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Chapter 1

I blinked wearily, aware of a bright source of light above me, and three similar expressions on familiar faces crowded in chairs around me. I twitched my finger and relaxed my hand.

“Maryse, Arella is awake! For the love of Christ, hurry, go get the doctor!”

Maryse rushed out of the room as her father rushed to the bedside. My bedside. A completely helpless feeling swarmed me as I watched him fuss about the pillows, the food, and just about everything else in the room.

Maryse’s family was almost like my own. She and I met when I first came to Toronto and she tucked me under her wing. She was naturally an extrovert and took an immediate liking to me. So did her family. They acted as if I was their second daughter, as my family was still back home, in Trinidad.

“What happened réalta?”

My lips curved up at this Irish nickname. Maryse’s dad called me ‘star’ because he and the family had caught me belting out the lyrics to a soca song while I thought I was home alone.

“I don’t know...” I held back on the truth for a reason. I couldn’t explain to him how I had managed to still be at school past 5:30 when Maryse had been long gone, or why I had agreed to help a stranger, or how I managed to throw said stranger back about 10 feet.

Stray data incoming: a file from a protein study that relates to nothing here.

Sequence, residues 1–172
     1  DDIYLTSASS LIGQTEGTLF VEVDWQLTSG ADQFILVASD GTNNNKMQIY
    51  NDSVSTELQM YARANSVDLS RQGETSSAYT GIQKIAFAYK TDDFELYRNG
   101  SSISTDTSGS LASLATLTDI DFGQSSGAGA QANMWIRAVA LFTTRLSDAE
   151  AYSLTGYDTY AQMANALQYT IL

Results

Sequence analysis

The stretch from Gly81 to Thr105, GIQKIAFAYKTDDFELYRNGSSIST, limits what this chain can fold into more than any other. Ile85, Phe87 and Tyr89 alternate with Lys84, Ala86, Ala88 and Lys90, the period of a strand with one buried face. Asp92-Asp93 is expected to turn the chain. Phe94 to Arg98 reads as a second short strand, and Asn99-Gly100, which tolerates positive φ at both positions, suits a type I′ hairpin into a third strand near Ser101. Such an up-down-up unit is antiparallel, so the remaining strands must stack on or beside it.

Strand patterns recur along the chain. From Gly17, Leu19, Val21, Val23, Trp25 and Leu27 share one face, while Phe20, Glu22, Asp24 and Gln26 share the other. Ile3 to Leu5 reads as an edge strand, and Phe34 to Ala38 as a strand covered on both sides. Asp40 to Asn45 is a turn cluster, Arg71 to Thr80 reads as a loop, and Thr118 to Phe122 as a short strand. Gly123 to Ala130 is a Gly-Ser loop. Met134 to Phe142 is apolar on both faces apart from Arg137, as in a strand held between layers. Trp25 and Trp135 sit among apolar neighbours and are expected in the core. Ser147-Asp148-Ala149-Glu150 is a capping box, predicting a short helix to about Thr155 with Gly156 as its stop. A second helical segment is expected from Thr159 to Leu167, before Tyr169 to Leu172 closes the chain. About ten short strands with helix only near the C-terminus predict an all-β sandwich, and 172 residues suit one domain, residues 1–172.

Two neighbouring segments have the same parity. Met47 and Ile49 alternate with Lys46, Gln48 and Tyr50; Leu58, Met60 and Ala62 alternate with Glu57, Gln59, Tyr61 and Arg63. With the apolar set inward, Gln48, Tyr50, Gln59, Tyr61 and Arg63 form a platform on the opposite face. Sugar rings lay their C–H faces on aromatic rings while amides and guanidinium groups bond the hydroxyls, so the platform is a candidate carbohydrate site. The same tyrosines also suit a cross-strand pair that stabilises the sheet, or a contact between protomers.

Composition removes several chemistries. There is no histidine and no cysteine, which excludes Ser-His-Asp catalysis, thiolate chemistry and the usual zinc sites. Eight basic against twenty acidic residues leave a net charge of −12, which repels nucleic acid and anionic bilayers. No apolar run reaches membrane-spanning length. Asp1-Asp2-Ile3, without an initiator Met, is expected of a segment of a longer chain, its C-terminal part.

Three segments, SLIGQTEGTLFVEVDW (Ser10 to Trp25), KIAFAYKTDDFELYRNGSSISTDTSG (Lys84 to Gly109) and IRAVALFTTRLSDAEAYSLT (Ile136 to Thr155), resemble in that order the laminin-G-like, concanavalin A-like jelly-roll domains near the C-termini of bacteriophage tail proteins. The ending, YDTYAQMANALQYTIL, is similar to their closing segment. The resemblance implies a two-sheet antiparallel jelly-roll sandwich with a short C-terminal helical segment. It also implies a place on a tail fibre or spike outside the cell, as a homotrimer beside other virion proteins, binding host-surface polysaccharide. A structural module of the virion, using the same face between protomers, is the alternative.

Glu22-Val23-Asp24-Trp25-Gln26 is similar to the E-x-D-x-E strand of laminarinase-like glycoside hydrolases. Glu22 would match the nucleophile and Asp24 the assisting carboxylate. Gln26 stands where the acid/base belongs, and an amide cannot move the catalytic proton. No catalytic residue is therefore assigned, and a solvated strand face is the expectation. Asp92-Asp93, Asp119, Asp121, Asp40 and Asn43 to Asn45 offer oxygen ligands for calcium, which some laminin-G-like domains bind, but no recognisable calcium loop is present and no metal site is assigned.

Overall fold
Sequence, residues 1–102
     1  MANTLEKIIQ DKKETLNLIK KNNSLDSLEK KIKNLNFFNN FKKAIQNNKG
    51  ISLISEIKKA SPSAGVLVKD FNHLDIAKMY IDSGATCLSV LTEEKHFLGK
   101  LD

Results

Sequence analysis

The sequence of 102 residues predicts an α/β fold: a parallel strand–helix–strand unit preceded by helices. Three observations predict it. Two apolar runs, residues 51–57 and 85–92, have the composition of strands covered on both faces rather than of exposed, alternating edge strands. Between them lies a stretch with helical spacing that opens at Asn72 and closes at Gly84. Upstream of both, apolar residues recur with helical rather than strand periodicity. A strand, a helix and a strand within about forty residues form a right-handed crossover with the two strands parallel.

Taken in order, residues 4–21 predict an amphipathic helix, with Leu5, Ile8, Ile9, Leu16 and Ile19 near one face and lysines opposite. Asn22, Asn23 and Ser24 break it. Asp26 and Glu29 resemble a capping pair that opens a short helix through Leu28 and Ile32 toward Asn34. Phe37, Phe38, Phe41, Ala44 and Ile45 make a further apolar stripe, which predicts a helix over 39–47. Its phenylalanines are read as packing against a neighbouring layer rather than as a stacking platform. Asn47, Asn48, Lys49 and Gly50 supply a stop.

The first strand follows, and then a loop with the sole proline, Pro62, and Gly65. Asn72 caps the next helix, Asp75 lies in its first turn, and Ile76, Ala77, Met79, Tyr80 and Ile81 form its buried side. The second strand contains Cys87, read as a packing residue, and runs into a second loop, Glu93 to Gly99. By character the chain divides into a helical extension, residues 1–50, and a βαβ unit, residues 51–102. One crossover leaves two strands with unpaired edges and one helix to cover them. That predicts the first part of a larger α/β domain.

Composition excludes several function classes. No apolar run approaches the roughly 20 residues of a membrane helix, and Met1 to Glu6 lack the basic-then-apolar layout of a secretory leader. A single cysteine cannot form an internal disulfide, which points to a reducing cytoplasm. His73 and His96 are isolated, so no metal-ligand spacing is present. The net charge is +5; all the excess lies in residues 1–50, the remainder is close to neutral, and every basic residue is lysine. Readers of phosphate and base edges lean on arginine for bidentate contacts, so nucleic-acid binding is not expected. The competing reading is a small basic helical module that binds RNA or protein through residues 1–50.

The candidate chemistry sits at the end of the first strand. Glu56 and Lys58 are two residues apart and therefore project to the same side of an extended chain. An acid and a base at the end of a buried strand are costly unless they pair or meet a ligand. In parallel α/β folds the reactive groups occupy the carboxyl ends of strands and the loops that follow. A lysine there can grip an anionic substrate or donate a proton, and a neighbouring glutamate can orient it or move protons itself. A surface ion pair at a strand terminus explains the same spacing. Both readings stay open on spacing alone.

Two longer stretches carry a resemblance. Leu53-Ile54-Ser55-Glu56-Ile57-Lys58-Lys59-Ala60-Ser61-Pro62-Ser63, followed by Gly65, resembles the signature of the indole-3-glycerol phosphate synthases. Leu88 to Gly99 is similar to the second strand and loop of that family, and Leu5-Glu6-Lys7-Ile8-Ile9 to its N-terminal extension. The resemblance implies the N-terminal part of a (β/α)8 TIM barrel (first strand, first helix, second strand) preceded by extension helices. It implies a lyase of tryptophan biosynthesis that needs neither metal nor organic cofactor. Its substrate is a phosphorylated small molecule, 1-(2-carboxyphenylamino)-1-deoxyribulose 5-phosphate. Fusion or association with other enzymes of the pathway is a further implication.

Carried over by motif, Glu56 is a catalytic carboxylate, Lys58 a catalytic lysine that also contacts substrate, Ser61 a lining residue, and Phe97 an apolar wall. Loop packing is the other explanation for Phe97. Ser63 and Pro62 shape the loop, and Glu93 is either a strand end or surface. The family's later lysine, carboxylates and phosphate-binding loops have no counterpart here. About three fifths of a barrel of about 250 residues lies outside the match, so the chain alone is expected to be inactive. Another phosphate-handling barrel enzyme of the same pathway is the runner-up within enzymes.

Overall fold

“The doctors said you were in the car with a man, Arella. Who is he?” He rarely used my name, except when he was dead serious. I sighed and attempted to sit up. I failed miserably and sank back down.

“It was not serious. He is one of my teachers and was giving me a ride home.” Her father’s eyes narrowed as he scrutinized me carefully.

“Okay. Well... I have to head back to work now. Maryse is going to stay at the hospital with you until you are discharged to be sent home,” he declared and I nodded. He patted my hand as he got up and left the room at the same time that Maryse came back with the doctor.

The doctor’s lips quirked up slightly as he came around to check my vitals. Even though I was still groggy, I noted that the man was very cautious around me, as if I was a rabid beast.

After he spent a few moments swiveling his head from between the machine that recorded my heart rate and his clipboard, he turned to Maryse and whispered a few words to her. With a wary glance at me, she left the room, the door clicking softly shut behind her.

The doctor cleared his voice and set down the clipboard on the nightstand, removing his wire-framed glasses from his face and tucking them into the pocket of his white jacket.

“How are you feeling, Arella?” he asked, his face grim. Worried, I blinked a few times, causing him to shake his head and pinch the bridge of his nose.

“Listen... I’ve worked as a histotechnologist in this hospital for twenty-two years, and I’ve never seen anyone quite like you,” he remarked and glanced up at me. His eyes were a gentle gray and his brown hair was peppered with white streaks.

“Your skin, I mean. We tested it four, nay, five times and the results were still the same,” he stuttered, his fingers fidgeting with his badge. I shifted to face him better and cleared my throat.

“What is it?” I whispered and my throat constricted as I awaited the inevitable, the horrible news that would tear my life apart.

“Despite facing multiple trauma points, your skin has somehow managed to remain unbruised... the blood on your body tested as your own, but you have no visible wounds. None, of any kind,” he reiterated, enunciating all of his words clearly.